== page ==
I’m going to be busy making elderflower champagne this weekend. I’m a virgin elderflower champagne maker so I’m excited by the prospect.
We used to have an enormous elderflower tree to the south side of the cottage. Unfortunately it died a couple of winters ago but luckily for us, this giant tree left prodgeny. So we have enough blooms to make our elderflower and elderflower and lemon cordials. The latter is much more of an adult drink and gets the thumbs up from anyone who samples it.
As elderflower champagne is a new venture for me I thought that I’d take the opportunity to show you how I develop my own recipes. I know that this blog is packed with loads of my recipes but I don’t just wake in the night and jot down a recipe that has been dictated in my dreams. No, my recipes are generally the result of curiosity, tweaking and trial and error.
Generally I start out with a couple of recipes from tried and tested sources. On the elderflower champagne front I’ve chosen two sources. Hugh Fearnley Whitenstall and Andy Hamilton. The former because I have a very soft spot for HFW and his recipes are tried and tested. Andy Hamilton’s recipes just work and he does a lot of valuable research. Incidentaly Andy Hamilton’s Booze for Free is an excellent present for foragers and foodies who like a tipple.
Andy’s recipe doesn’t come from his book – I found it online here. This recipe appeals to me as you can use it either to make elderflower wine or turn it into elderflower champagne at a later stage. I love procrastination.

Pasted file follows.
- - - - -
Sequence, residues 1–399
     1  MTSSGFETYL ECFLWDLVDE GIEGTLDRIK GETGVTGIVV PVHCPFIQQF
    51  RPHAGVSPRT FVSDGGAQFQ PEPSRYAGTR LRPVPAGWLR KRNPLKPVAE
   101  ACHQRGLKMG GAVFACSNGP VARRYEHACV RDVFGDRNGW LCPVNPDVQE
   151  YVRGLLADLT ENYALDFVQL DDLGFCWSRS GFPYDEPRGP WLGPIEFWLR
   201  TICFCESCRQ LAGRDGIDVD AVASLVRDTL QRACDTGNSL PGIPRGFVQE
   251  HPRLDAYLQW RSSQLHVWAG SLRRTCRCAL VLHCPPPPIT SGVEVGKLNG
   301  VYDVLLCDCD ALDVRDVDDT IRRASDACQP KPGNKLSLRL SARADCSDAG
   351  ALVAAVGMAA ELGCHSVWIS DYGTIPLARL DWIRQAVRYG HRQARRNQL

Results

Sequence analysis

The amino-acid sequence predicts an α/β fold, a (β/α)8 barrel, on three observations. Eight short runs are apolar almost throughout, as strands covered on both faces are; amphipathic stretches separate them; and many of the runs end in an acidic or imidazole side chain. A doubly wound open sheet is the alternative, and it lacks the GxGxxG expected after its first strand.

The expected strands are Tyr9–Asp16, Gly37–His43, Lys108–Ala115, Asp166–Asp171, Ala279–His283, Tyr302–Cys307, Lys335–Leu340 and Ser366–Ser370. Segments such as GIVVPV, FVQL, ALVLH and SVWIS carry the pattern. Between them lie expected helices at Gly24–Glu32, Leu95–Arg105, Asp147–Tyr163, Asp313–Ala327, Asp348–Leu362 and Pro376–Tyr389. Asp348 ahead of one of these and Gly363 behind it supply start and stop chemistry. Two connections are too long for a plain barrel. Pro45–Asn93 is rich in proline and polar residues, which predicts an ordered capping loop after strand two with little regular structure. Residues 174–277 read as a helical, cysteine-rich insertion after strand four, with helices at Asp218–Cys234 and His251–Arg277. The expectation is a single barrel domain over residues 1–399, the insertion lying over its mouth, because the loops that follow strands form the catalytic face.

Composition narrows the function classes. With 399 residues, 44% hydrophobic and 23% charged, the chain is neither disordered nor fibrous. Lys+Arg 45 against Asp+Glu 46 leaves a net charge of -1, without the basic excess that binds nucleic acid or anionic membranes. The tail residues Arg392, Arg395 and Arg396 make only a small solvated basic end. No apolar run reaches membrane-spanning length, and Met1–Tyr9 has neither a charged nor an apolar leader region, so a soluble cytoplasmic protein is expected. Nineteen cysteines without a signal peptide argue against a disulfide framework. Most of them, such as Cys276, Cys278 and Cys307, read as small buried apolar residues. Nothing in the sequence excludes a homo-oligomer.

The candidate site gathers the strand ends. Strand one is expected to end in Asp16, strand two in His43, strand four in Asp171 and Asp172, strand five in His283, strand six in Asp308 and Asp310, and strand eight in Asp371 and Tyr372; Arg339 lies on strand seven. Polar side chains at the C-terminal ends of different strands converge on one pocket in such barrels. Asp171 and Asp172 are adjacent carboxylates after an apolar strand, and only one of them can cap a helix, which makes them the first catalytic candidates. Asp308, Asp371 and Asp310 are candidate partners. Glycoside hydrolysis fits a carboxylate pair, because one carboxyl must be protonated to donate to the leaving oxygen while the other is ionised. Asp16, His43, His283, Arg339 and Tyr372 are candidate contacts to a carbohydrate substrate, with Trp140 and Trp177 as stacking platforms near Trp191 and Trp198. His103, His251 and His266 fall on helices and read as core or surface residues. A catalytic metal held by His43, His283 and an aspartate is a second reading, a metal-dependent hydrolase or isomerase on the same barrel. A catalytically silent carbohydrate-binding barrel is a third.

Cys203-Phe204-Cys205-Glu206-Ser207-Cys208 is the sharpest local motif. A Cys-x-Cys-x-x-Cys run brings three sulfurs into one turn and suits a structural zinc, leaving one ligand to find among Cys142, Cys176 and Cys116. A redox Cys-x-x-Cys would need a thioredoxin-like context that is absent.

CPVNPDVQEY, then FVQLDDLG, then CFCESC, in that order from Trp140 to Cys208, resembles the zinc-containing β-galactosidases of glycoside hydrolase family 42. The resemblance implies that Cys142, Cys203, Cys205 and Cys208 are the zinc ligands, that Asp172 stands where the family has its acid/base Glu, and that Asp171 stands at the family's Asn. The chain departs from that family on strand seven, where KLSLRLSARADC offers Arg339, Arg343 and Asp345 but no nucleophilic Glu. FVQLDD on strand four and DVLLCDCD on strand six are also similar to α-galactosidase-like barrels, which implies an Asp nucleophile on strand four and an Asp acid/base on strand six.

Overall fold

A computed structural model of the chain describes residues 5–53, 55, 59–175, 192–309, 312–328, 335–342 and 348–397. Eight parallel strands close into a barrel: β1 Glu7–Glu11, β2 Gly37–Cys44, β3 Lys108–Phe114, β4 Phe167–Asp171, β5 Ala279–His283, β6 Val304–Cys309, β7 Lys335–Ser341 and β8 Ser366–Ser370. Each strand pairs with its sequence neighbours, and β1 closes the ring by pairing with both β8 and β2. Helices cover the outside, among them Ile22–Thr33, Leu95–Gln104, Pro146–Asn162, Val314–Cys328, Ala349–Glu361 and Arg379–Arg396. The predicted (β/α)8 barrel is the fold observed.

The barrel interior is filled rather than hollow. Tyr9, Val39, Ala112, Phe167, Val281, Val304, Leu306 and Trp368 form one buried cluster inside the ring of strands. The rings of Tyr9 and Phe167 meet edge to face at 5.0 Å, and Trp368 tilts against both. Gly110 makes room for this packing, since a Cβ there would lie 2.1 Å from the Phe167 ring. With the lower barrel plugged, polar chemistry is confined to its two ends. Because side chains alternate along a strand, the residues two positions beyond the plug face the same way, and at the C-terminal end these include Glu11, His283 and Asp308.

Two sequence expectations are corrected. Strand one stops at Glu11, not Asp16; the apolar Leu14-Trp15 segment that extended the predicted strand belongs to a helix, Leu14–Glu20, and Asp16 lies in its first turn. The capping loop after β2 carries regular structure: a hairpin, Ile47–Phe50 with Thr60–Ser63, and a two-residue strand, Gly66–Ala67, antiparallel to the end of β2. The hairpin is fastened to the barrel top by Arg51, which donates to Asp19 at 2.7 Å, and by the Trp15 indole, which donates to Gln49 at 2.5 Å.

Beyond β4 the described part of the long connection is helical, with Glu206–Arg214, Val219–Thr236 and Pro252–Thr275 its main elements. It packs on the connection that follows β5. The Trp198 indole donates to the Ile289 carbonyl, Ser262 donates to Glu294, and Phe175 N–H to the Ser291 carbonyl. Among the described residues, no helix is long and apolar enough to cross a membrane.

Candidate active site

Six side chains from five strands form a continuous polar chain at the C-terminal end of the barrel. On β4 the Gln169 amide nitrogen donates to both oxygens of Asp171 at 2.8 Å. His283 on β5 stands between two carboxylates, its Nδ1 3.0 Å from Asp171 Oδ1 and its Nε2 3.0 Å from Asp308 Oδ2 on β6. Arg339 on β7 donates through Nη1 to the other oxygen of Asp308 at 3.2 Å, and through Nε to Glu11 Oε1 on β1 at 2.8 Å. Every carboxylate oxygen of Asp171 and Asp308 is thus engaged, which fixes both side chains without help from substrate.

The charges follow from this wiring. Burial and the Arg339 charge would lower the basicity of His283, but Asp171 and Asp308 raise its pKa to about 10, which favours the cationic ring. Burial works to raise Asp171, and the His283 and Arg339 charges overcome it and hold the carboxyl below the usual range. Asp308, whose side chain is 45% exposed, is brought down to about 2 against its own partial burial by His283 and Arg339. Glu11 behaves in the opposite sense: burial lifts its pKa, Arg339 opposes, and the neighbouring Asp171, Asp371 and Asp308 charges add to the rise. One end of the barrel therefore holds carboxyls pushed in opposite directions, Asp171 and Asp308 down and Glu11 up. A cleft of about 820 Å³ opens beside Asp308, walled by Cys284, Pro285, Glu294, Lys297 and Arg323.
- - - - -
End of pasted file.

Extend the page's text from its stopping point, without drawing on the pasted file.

HFW’s recipe – also found online here – uses a pinch of dried yeast if necessary – so is relying on the wild yeast in the elderflowers. Wild yeast? Exciting stuff.
Of course in the fullness of time I’ll report back on the results and then it may be time to tweak and experiment.
Here are links to all our own elderflower recipes:
Traditional elderflower cordial
Elderflower and lemon cordial
Elderflower and lime jellies
Elderflower and raspberry jellies
Elderflower vodka liqueur. NB Initially I hated this but when I added fresh gooseberries and let them steep for three months the result was superb, a gooseberry liqueur with a subtle elderflower buzz. So I’ll be making it again this year and trying it with fresh strawberries too.
Angela’s elderflower champagne
A few ideas for using your elderflower cordial:
Non alchoholic Elderflower and pink grapefruit cocktail
Pork chops with tarragon and elderflower cordial
Put a small dash of cordial in a fresh fruit salad, a cranberry and clentine sauce, stewed rhubarb or a fruit fool.
I also use elderflower cordial and fizzy water inside of tonic water in a gin or vodka cocktail.
Any other ideas on uses for elderflower cordial as a cooking ingredient would be greatly appreciated.
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